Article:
Commentary: Insurers move to limit malpractice coverage

By Edward Poll

Dolan Media Newswires

MINNEAPOLIS, MN--The cost of malpractice insurance is an issue for every lawyer. Annual malpractice premiums cost thousands of dollars, often straining the ability of small firms and sole practitioners to purchase insurance when premiums approach 10 percent or more of their income -- on a product they likely will never need. And now a new issue has made malpractice insurance even more troublesome: the attempt of some carriers to exclude fee lawsuits from policy coverage.

Let's begin at the beginning of most malpractice actions, the initial engagement. An engagement agreement should be a "two-way street." The lawyer promises to understand the needs and wants of the client, represent the client to address challenges facing those needs and wants (whether involving litigation or a transaction), and to provide that representation competently. The client, on the other hand, promises to tell the truth to the lawyer, provide information and documents relative to the matter when the lawyer asks for them, and to pay the fee as billed in accordance with their arrangement.

What are the worst consequences of failure to honor the respective promises? For the lawyer, it is a malpractice suit and possibly a disciplinary proceeding. For the client, it's withdrawal by the lawyer (unless on the eve of trial or without adequate notice that would prejudice the client) or a lawsuit over nonpayment of the fee. However, some malpractice insurance carriers are now lining up with clients, saying that if the lawyer sues for fees, and the client cross-complains, countersues for negligence or files a disciplinary complaint with the state bar, the carrier will not cover the lawyer's defense costs or pay any judgment against the lawyer. The effect of this is to deny the lawyer the ability to collect the fee when the client fails to pay.

Why pay malpractice insurance premiums for coverage you will not receive when you need it most? Fee suit exclusions appear to be a veiled attempt by insurance companies to raise premiums without notice to the lawyer. And the lawyer generally isn't even aware of this exclusion. When premiums rise openly, lawyers can make a cost/benefit analysis of affordability, balancing cost against benefit. The cost factors include the basic insurance premium, the nature of the coverage (more coverage, greater cost), and whether defense costs reduce the face value of the policy. Benefits come down to a question of how much protection is provided. Fee suit exclusions in effect increase cost and decrease coverage without the lawyer being aware of it.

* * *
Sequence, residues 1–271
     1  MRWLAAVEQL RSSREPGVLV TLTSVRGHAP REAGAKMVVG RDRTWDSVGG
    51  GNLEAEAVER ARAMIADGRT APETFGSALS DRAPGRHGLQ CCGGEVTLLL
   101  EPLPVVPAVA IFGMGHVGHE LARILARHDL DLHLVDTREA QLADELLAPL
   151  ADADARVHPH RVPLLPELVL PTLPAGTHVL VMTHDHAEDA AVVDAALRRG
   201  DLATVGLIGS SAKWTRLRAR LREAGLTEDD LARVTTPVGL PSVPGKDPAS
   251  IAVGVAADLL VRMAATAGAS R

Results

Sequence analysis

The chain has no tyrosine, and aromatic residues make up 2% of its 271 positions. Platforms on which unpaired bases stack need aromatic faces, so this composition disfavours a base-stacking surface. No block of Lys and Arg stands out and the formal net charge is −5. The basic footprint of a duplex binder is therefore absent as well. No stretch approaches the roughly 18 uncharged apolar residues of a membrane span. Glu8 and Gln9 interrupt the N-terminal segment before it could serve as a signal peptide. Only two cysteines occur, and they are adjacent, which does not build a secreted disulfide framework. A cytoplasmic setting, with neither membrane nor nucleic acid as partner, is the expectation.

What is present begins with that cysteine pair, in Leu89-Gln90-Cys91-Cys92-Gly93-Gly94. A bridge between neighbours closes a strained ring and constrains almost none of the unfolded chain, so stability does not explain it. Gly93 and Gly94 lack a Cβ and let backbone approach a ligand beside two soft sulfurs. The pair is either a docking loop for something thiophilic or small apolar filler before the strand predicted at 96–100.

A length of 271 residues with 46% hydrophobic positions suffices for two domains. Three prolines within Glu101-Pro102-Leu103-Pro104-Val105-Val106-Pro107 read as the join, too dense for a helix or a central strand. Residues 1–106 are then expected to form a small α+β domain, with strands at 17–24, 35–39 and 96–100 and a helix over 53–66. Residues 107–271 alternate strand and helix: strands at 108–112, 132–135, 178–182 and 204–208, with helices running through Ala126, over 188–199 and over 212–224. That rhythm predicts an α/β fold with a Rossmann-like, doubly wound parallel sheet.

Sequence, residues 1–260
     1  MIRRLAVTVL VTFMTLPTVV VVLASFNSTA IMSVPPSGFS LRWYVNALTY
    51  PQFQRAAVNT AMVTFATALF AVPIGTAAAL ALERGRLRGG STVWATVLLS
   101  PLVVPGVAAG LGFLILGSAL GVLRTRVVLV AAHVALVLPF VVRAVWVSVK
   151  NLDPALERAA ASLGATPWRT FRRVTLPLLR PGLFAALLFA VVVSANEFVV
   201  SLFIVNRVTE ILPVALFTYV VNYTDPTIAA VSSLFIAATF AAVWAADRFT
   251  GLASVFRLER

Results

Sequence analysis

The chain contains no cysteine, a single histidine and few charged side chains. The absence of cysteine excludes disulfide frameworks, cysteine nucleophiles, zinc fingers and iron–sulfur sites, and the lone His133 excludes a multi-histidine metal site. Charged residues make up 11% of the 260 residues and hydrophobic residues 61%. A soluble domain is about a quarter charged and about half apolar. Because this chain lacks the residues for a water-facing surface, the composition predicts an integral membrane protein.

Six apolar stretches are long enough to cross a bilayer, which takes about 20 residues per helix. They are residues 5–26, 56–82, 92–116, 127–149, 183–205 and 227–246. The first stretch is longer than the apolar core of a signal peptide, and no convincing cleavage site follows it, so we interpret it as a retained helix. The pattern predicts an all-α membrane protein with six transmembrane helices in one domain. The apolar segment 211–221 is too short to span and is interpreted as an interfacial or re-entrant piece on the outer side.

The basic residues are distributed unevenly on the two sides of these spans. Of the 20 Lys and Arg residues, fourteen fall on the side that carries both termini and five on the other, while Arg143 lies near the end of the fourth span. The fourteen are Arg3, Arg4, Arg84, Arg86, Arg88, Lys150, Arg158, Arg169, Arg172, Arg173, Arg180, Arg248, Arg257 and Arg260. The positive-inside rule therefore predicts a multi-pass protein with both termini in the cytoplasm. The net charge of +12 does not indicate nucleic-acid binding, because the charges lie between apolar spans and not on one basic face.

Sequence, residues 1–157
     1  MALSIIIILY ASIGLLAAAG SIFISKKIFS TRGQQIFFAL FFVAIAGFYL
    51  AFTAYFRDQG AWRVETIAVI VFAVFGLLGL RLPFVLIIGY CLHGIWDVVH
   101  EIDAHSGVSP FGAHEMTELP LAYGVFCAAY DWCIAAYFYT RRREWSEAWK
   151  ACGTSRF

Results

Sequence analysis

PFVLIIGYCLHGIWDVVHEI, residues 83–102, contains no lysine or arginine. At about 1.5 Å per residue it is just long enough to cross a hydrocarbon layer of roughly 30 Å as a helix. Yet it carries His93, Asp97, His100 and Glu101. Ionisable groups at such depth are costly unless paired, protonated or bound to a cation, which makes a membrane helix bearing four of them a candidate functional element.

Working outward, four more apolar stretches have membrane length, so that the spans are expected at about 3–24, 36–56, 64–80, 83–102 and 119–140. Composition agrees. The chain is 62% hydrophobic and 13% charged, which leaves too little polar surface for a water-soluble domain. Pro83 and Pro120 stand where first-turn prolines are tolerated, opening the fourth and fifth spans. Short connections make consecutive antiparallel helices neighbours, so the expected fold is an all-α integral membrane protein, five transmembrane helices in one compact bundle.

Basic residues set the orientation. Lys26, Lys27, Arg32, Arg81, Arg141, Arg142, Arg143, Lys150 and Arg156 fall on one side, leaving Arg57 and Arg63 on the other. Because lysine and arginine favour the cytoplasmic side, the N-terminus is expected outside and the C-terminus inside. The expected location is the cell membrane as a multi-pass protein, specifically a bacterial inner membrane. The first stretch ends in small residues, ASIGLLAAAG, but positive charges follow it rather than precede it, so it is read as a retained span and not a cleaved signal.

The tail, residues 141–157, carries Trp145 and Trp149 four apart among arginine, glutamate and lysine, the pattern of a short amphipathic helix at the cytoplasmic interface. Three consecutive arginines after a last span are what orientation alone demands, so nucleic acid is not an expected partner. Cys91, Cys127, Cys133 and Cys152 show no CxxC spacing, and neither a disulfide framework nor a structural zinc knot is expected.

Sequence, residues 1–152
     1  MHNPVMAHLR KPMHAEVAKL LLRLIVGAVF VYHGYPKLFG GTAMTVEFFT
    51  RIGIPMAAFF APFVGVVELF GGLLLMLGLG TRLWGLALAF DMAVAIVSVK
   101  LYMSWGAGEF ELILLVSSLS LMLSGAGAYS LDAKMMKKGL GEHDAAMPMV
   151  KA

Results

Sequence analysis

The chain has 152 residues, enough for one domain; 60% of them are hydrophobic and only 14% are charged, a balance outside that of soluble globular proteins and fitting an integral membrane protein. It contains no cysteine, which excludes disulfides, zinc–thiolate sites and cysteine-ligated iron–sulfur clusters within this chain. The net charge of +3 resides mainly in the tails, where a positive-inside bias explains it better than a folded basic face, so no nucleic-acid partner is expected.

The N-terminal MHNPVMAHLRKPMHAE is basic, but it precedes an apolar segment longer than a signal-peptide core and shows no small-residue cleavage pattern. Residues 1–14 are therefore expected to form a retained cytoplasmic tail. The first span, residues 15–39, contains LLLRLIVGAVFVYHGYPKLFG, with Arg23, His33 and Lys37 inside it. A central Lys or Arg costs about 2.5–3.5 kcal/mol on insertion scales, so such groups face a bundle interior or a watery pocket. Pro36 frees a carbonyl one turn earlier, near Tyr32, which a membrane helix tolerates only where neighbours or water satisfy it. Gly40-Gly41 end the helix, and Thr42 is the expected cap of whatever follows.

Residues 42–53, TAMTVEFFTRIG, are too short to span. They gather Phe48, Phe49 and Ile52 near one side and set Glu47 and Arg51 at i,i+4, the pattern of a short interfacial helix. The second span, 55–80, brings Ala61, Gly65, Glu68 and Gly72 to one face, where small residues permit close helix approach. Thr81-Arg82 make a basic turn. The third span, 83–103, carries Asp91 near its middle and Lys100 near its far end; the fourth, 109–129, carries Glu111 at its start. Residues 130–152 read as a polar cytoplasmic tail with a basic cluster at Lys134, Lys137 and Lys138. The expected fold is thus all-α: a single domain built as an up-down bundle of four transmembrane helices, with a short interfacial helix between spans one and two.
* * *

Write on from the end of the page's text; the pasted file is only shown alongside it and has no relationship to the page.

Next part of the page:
In every other business sector, creditors have the right to sue debtors for refusal to pay legitimate debts resulting from their purchases. Why should lawyers be placed in a different position? The facts are, according to people I've spoken with in the insurance industry, that there are few collection lawsuits filed by lawyers and even fewer countersuits for negligence; when countersuits are filed, lawyers win as many as 9 out of 10 disputes. Yet insurers do not acknowledge these realities when they refuse to pay defense costs or (unlikely) judgments. Even if lawyers can afford malpractice insurance, marketplace factors beyond the lawyers' control are conspiring against them. It's another reason to make one wonder why anyone wants to go to law school.

Edward Poll, J.D., M.B.A., CMC, is a law practice management thought leader and contributor to this publication. His website is at

Entire contents copyrighted © 2012 by The Dolan Company. All rights reserved. Reproduction in whole or in part without written permission is expressly forbidden.

Published: Mon, Jan 9, 2012


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